Courtesy of Arunachalam Sathananthan
Ebola is thought to have originated in fruit bats and to have been introduced into the human population through close contact with the bodily fluids of the bats themselves or other known carriers such as chimpanzees, monkeys, forest antelope and porcupines that form part of the diet in many poor African regions.
Human-to-human transmission occurs by direct contact through broken skin or mucous membranes with the blood or other bodily fluids of infected people, or by contact with surfaces and materials such as bedding or clothing contaminated with these fluids.
People remain infectious as long as their blood and body fluids contain the virus. Men who have recovered from the disease can still transmit the virus through their semen for up to seven weeks after recovery.
Humans are not infectious until they develop symptoms.
Symptoms of the Ebola Disease: The incubation period is from two to 21 days. First symptoms are the sudden onset of fever, fatigue, muscle pain, headache and sore throat, followed by vomiting, diarrhoea, rash, impaired kidney and liver function, and in some cases, both internal and external bleeding.
The average Ebola virus disease fatality rate is around 50%. Case fatality rates have varied from 25% to 90% in past outbreaks.
Prevention and Control: The World Health Organization relies on controlling outbreaks through case management, surveillance and contact tracing. “Community engagement is key to successfully controlling outbreaks. Raising awareness of risk factors for Ebola infection and protective measures that individuals can take is an effective way to reduce human transmission,” the WHO advises.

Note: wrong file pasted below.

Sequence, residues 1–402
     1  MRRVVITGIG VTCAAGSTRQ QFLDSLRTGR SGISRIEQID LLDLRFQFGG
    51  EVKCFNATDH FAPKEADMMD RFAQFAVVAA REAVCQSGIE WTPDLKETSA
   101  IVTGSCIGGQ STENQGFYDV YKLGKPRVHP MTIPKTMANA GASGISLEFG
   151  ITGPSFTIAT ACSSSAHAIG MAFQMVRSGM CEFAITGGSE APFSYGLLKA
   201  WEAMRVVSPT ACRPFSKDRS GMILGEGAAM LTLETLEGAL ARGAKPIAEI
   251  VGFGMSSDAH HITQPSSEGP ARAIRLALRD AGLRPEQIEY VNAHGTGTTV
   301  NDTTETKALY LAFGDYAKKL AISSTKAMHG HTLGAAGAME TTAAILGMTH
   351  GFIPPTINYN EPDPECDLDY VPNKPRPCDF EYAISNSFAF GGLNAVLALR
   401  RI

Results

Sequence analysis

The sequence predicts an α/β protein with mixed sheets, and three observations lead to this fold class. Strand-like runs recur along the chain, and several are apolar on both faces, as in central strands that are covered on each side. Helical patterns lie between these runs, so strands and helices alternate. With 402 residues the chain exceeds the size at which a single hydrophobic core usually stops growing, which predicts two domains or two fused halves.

Risk-reduction messaging focuses on factors such as reducing the risk of wildlife-to-human transmission, reducing the risk of human-to-human transmission and containment measures including prompt and safe burial of the dead, identifying people who may have been in contact with someone infected with Ebola, monitoring the health of contacts for 21 days, and separating the healthy from the sick.
Treatment and Vaccines: With no licensed drug treatment, care is based on giving patients intravenous fluids to stop dehydration and antibiotics to fight infections.
Although there is as yet no proven treatment available for EVD, a range of potential treatments including blood products, immune therapies and drug therapies is currently being evaluated. No licensed vaccines are available yet, but two potential vaccines are undergoing human safety testing.
A 1976 photograph of two nurses standing in front of Mayinga N’Seka, an Ebola virus disease patient in the 1976 outbreak in Zaire. N’Seka died a few days later due to severe internal haemorrhaging–Wikipedia
SEE “Ebola’s Deadly Advance” in Sunday Times, 17 October 2014, . http://www.theaustralian.com.au/news/world/western-panic-in-the-face-of-ebolas-deadly-advance-out-of-africa/story-fnb64oi6-1227093048934